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Finite element model of the active organ of Corti

Finite element model of the active organ of Corti
Finite element model of the active organ of Corti
The cochlear amplifier that provides our hearing with its extraordinary sensitivity and selectivity is thought to be the result of an active biomechanical process within the sensory auditory organ, the organ of Corti. Although imaging techniques are developing rapidly, it is not currently possible, in a fully active cochlea, to obtain detailed measurements of the motion of individual elements within a cross section of the organ of Corti. This motion is predicted using a two-dimensional finite element model. The various solid components are modelled using elastic elements, the outer hair cells as piezoelectric elements, and the perilymph and endolymph as viscous and nearly incompressible fluid elements. The model is validated by comparison with existing measurements of the motions within the passive organ of Corti, calculated when it is driven either acoustically, by the fluid pressure, or electrically, by excitation of the outer hair cells. The transverse basilar membrane motion and the shearing motion between the tectorial membrane and the reticular lamina are calculated for these two excitation modes. The fully active response of the basilar membrane to acoustic excitation is predicted using a linear superposition of the calculated responses and an assumed frequency response for the outer hair cell feedback.

sensory auditory organ, cochlear micromechanics, modelling, fluid-structure interaction, electromechanical feedback system, monolithic
1-12
Ni, Guangjian
f6ddc112-7d81-403a-b97a-7ecbc8fd4e59
Elliott, Stephen
721dc55c-8c3e-4895-b9c4-82f62abd3567
Baumgart, Johannes
2b226a54-8ae3-454d-8d7e-9bb6c0403cf3
Ni, Guangjian
f6ddc112-7d81-403a-b97a-7ecbc8fd4e59
Elliott, Stephen
721dc55c-8c3e-4895-b9c4-82f62abd3567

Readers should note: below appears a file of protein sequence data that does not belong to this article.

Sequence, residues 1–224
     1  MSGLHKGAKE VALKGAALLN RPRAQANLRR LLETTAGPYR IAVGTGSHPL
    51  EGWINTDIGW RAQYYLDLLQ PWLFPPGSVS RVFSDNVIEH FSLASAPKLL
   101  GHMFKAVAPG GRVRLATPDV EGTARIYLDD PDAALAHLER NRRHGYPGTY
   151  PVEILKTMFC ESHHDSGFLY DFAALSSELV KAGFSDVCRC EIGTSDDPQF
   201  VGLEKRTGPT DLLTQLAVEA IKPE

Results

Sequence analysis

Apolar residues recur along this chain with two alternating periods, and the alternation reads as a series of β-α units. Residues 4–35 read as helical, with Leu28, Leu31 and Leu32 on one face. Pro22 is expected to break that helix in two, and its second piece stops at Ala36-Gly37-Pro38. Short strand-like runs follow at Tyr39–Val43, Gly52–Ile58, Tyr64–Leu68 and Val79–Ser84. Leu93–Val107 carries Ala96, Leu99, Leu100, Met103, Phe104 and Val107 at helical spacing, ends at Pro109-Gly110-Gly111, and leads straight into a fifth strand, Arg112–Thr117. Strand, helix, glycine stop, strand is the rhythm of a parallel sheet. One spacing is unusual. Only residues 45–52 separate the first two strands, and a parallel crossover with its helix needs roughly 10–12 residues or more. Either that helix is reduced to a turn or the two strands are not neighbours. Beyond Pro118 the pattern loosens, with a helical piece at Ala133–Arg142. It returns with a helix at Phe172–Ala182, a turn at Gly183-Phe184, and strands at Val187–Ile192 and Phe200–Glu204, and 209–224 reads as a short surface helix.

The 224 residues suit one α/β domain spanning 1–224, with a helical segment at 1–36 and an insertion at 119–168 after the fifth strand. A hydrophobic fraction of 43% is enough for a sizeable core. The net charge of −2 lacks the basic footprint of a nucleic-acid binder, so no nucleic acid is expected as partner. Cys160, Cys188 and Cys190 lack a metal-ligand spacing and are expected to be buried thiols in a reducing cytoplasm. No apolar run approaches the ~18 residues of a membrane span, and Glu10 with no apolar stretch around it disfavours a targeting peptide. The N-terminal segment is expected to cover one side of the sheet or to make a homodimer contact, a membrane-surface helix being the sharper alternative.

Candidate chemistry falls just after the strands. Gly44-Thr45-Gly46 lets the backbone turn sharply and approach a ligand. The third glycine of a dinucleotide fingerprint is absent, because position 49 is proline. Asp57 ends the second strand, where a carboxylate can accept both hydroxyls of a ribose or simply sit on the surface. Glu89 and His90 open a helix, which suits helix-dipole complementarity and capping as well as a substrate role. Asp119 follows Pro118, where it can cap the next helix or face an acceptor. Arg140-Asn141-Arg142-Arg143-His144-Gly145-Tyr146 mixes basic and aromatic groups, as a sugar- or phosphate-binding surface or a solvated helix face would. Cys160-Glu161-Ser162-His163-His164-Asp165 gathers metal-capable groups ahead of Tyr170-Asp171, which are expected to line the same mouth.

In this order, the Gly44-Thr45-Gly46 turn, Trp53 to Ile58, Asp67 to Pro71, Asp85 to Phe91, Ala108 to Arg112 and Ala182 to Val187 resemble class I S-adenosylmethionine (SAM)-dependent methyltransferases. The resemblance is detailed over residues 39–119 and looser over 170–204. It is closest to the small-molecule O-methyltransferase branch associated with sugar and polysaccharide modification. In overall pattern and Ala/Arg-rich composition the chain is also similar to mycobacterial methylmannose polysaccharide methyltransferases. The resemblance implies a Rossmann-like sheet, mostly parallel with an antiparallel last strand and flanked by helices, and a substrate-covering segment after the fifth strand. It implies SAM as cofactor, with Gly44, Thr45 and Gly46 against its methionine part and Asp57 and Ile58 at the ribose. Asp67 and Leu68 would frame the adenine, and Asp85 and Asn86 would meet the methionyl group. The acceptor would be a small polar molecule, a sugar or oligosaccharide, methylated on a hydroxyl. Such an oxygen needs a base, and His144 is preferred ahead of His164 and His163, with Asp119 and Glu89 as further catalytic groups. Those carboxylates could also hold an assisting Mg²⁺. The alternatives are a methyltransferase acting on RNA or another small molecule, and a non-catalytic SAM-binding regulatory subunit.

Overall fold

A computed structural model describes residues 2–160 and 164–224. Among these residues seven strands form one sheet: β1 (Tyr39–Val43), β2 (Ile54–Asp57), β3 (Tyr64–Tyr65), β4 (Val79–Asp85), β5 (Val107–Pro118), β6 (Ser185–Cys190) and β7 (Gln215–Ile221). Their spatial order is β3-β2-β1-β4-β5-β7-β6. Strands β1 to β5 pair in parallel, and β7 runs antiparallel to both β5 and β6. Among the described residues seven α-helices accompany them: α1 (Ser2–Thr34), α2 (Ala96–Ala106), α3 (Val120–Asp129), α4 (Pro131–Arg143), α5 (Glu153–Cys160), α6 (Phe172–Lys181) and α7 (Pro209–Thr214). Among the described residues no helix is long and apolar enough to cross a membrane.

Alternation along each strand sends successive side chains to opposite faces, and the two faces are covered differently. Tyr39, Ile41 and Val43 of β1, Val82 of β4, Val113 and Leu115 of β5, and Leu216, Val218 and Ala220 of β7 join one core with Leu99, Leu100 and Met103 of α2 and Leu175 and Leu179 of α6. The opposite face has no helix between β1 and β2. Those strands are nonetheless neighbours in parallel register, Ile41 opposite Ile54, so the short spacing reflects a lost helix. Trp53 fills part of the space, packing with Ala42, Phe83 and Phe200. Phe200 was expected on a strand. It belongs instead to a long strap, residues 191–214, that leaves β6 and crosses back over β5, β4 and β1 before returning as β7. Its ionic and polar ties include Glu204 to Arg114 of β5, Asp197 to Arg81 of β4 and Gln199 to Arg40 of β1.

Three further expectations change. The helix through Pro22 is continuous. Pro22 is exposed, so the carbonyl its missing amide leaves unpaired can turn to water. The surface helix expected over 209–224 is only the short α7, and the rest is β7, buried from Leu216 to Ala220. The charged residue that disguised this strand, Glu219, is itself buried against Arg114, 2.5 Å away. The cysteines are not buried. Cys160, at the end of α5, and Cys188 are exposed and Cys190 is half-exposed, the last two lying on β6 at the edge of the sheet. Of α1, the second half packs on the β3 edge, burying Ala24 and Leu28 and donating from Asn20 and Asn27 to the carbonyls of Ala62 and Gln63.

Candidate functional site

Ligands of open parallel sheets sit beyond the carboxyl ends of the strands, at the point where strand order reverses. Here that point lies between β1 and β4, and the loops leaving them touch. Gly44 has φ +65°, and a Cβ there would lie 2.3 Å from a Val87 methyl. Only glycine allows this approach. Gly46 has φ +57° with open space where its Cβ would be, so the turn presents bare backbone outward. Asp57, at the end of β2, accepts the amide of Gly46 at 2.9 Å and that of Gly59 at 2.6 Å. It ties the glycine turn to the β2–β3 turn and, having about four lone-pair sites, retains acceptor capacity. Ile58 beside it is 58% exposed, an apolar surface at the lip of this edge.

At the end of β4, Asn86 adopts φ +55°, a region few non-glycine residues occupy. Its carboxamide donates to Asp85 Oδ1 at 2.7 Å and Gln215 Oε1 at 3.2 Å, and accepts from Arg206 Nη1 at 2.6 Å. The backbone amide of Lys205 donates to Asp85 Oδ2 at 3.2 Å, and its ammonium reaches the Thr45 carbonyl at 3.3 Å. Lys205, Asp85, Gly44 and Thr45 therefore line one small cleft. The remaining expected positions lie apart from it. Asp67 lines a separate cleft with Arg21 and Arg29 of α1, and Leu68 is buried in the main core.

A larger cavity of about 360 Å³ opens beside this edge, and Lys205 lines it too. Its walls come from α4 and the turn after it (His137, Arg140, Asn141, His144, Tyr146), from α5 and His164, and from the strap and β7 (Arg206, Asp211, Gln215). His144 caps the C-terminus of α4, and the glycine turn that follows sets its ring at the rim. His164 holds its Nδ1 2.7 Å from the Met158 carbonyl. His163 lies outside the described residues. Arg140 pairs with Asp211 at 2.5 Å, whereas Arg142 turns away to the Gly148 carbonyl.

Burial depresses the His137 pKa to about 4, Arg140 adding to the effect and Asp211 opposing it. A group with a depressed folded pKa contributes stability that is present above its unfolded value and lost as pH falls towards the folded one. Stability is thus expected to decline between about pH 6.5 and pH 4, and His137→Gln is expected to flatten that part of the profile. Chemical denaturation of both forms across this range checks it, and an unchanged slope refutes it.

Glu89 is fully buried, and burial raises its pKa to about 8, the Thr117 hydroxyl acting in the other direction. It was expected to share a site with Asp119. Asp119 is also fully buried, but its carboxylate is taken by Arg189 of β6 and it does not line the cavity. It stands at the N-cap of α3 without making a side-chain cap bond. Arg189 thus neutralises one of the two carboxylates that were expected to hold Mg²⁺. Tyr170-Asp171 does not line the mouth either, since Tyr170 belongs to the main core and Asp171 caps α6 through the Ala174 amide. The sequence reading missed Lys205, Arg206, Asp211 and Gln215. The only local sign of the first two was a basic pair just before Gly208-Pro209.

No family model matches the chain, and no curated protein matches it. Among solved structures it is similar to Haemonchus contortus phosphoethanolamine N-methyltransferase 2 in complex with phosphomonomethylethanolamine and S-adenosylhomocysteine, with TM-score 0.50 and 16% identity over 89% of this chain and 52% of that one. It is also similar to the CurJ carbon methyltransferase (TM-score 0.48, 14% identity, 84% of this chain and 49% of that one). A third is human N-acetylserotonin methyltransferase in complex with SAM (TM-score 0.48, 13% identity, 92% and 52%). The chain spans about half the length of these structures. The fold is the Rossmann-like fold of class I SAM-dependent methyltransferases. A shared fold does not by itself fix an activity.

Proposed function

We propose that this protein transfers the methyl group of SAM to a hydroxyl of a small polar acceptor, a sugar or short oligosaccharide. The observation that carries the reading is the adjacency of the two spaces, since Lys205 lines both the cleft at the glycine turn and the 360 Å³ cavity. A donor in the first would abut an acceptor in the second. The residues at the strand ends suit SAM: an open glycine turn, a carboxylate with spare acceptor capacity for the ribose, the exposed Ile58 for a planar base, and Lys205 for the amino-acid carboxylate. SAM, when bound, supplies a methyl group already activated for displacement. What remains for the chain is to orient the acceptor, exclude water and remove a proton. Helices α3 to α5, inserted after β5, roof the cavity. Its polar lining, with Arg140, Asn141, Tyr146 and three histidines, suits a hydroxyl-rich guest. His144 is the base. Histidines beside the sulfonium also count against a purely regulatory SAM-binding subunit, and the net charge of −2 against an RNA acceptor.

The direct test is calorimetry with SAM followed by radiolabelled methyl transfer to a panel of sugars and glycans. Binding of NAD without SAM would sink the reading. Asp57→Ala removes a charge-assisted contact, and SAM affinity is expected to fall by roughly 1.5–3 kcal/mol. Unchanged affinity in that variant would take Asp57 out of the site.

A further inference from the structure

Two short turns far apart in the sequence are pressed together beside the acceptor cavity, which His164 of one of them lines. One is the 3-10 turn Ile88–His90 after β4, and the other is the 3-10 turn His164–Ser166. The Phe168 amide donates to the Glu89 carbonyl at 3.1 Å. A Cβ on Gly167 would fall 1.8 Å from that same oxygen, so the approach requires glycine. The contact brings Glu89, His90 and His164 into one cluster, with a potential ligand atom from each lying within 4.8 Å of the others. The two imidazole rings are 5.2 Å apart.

Baumgart, Johannes
2b226a54-8ae3-454d-8d7e-9bb6c0403cf3

Ni, Guangjian, Elliott, Stephen and Baumgart, Johannes (2016) Finite element model of the active organ of Corti. Journal of the Royal Society Interface, 13 (115), 1-12, [20150913]. (doi:10.1098/rsif.2015.0913).

Record type: Article

Abstract

The cochlear amplifier that provides our hearing with its extraordinary sensitivity and selectivity is thought to be the result of an active biomechanical process within the sensory auditory organ, the organ of Corti. Although imaging techniques are developing rapidly, it is not currently possible, in a fully active cochlea, to obtain detailed measurements of the motion of individual elements within a cross section of the organ of Corti. This motion is predicted using a two-dimensional finite element model. The various solid components are modelled using elastic elements, the outer hair cells as piezoelectric elements, and the perilymph and endolymph as viscous and nearly incompressible fluid elements. The model is validated by comparison with existing measurements of the motions within the passive organ of Corti, calculated when it is driven either acoustically, by the fluid pressure, or electrically, by excitation of the outer hair cells. The transverse basilar membrane motion and the shearing motion between the tectorial membrane and the reticular lamina are calculated for these two excitation modes. The fully active response of the basilar membrane to acoustic excitation is predicted using a linear superposition of the calculated responses and an assumed frequency response for the outer hair cell feedback.

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S2 Passive Acoustic.avi - Other
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S3 Electrical.avi - Other
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More information

Accepted/In Press date: 28 January 2016
e-pub ahead of print date: 1 February 2016
Published date: 2016
Keywords: sensory auditory organ, cochlear micromechanics, modelling, fluid-structure interaction, electromechanical feedback system, monolithic
Organisations: Signal Processing & Control Grp

Identifiers

Local EPrints ID: 386923
URI: http://eprints.soton.ac.uk/id/eprint/386923
PURE UUID: 6ff006d8-c5d4-4fce-8678-0fe7c1100555
ORCID for Guangjian Ni: ORCID iD orcid.org/0000-0002-9240-3020

Catalogue record

Date deposited: 05 Feb 2016 13:56
Last modified: 17 Dec 2019 01:37

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